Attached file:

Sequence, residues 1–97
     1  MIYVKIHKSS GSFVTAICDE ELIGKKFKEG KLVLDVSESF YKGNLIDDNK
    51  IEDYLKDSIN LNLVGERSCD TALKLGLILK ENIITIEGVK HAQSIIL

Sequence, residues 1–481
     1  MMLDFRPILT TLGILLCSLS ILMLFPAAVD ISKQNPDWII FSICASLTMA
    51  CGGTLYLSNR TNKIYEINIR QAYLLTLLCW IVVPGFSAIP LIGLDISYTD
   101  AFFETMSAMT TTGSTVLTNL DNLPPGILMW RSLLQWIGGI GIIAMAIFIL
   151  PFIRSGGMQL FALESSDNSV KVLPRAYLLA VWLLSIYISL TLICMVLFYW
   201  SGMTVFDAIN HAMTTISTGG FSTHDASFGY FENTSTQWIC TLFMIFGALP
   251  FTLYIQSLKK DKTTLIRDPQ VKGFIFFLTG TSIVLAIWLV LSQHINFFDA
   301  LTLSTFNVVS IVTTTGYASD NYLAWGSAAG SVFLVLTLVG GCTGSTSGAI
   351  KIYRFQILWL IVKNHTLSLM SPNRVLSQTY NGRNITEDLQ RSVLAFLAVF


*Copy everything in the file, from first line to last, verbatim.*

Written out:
Sequence, residues 1–97
     1  MIYVKIHKSS GSFVTAICDE ELIGKKFKEG KLVLDVSESF YKGNLIDDNK
    51  IEDYLKDSIN LNLVGERSCD TALKLGLILK ENIITIEGVK HAQSIIL

Sequence, residues 1–481
     1  MMLDFRPILT TLGILLCSLS ILMLFPAAVD ISKQNPDWII FSICASLTMA
    51  CGGTLYLSNR TNKIYEINIR QAYLLTLLCW IVVPGFSAIP LIGLDISYTD
   101  AFFETMSAMT TTGSTVLTNL DNLPPGILMW RSLLQWIGGI GIIAMAIFIL
   151  PFIRSGGMQL FALESSDNSV KVLPRAYLLA VWLLSIYISL TLICMVLFYW
   201  SGMTVFDAIN HAMTTISTGG FSTHDASFGY FENTSTQWIC TLFMIFGALP
   251  FTLYIQSLKK DKTTLIRDPQ VKGFIFFLTG TSIVLAIWLV LSQHINFFDA
   301  LTLSTFNVVS IVTTTGYASD NYLAWGSAAG SVFLVLTLVG GCTGSTSGAI
   351  KIYRFQILWL IVKNHTLSLM SPNRVLSQTY NGRNITEDLQ RSVLAFLAVF